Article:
The rulers of Jerusalem tested Yahweh and refused to enter into His rest. In Matthew 21-22, Jesus is challenged by the authorities five times. The sixth challenge comes from Jesus, who then pronounces their doom.
The modern practice of dismantling the Bible into a shambles of documents authored in response to disparate historical events rather than viewing it as a unified testimony inspired by God is a surefire way to miss what is actually going on in the text. This failure is compounded by an outright refusal to accept Genesis 1-3 as the foundation for the entire metanarrative.
Jesus’ seven last “words” from the cross follow the pattern of Creation. Why? Because He was making all things new.
While we must avoid extracting verses from Paul’s epistles as if they were theological fortune cookies, an analysis of his systematic reasoning without reference to Covenant-literary structure is still prone to missing much of the meaning, beauty and wit.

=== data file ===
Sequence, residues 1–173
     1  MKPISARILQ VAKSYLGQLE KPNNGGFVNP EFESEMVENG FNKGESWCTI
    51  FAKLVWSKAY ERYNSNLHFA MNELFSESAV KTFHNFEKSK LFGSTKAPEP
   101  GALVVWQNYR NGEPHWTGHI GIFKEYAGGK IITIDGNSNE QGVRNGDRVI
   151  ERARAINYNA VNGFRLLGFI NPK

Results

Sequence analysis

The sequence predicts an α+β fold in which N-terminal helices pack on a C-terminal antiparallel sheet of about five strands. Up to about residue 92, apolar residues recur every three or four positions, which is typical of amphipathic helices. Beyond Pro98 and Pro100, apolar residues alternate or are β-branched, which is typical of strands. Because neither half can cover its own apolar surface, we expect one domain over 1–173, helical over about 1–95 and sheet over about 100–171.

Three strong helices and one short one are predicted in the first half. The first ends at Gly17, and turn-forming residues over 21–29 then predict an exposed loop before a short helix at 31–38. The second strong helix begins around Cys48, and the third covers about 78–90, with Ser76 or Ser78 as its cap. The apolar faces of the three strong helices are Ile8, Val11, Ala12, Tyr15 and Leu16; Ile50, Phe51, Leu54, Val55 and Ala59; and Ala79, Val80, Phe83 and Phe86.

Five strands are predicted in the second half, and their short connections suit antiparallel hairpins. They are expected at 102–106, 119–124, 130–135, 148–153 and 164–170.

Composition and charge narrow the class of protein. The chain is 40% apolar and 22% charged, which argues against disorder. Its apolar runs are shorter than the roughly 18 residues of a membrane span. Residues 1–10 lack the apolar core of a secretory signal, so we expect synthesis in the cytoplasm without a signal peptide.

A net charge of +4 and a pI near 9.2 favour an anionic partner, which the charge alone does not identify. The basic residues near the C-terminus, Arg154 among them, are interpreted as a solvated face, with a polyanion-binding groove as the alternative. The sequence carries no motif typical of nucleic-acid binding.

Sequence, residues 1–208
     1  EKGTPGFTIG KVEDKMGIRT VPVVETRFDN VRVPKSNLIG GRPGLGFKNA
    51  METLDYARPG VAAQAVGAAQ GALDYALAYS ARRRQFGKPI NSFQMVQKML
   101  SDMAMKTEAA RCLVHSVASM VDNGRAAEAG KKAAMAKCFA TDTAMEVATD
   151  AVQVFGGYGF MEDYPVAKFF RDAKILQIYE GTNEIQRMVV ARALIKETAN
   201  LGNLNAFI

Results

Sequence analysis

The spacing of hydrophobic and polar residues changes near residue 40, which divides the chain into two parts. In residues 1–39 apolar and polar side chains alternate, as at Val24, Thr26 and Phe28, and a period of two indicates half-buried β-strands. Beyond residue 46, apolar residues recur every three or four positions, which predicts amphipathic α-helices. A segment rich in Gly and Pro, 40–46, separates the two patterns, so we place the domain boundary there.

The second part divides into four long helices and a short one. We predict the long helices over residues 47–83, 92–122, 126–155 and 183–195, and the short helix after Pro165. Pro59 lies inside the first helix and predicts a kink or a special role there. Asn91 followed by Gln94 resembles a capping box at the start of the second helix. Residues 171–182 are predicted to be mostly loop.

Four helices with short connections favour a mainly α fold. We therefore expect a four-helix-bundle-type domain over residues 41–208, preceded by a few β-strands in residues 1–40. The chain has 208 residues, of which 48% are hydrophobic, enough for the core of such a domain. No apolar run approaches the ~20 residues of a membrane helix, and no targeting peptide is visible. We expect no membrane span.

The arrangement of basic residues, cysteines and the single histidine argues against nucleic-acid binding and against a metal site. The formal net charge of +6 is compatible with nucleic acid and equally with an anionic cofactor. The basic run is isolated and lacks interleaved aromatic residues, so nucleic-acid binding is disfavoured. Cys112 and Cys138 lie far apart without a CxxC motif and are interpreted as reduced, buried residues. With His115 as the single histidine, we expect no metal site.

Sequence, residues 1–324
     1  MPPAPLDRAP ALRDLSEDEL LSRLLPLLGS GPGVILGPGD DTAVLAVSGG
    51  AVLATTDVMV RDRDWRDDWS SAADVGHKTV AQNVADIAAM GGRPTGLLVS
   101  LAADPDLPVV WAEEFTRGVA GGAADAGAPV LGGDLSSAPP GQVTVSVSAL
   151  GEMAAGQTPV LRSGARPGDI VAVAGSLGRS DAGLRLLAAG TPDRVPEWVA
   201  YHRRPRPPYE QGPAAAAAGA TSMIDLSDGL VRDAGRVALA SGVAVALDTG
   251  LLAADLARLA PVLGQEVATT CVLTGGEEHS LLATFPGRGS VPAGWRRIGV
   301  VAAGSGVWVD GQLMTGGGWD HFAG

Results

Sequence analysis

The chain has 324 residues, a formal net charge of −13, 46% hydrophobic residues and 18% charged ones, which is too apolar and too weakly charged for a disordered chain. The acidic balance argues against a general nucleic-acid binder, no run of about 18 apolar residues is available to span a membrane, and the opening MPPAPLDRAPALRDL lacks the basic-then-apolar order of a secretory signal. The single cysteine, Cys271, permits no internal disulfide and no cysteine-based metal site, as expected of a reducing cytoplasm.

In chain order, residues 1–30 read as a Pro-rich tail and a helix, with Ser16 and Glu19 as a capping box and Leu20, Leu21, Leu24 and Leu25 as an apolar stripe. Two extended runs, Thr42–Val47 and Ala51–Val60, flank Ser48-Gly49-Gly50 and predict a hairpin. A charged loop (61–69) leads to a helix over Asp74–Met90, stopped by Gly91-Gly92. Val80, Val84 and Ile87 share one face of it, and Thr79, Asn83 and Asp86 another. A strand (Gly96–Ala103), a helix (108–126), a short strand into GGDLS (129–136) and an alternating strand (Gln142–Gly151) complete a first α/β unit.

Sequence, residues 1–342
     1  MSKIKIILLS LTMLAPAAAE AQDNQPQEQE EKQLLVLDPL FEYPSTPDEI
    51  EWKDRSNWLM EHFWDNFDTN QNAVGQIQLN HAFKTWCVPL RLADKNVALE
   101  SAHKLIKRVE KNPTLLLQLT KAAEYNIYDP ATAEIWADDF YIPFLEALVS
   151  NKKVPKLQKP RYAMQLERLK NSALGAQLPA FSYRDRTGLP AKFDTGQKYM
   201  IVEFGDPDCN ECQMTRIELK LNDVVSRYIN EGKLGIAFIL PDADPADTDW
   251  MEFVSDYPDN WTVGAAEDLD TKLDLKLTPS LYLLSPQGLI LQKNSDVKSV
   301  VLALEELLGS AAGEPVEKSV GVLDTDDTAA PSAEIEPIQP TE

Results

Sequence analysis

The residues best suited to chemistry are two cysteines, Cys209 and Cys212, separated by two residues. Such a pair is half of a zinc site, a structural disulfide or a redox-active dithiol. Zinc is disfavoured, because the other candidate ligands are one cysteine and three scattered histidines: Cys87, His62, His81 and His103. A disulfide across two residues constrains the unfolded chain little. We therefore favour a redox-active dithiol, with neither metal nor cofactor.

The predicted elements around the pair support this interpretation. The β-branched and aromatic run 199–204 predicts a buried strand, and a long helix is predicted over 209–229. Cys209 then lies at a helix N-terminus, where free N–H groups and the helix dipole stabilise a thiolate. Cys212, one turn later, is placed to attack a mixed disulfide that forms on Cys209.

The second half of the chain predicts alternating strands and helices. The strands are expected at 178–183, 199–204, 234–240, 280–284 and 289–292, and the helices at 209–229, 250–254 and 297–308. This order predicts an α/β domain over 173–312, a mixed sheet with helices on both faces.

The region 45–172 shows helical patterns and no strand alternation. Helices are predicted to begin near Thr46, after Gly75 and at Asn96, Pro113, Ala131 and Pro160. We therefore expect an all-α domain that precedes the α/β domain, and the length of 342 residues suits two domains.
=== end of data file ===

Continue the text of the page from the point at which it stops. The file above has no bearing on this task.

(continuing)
The Covenant-literary shape of Psalm 8 allows David to make allusions to some surprising parts of the Torah as well as predicting the Temple of Solomon and even a crucial event in the ministry of Jesus.
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Taken at face value, the New Testament appears to warn its first readers about coming events which were not only momentous but also imminent. This means that there is a great discrepancy between the sacred texts and the things which modern Christians are actually taught.
Like most speeches, the Sermon on the Mountain was obviously composed privately before it was delivered publicly. But what is the logic behind Jesus’ meticulous – and magnificent – literary architecture?
The revival of debate over the “eternal subordination of the Son” boils down to yet another attempt by Christian academia to solve the biblical jig saw puzzle with no reference to the picture on the box.
In the English New Testament, “Judas” and “Judah” as personal and corporate names are a helpful differentiation. But when it comes to Judas Iscariot, his Hebrew name links him “liturgically” to the fate of the kingdom of Israel.
The account of Israel’s sin with the golden calf is flanked by the instructions for the Tabernacle and the construction of the Tabernacle. Israel breaks the Covenant and God makes a “new” one. As an easily-defined pericope, what are the chances that this section is “Covenant-shaped”?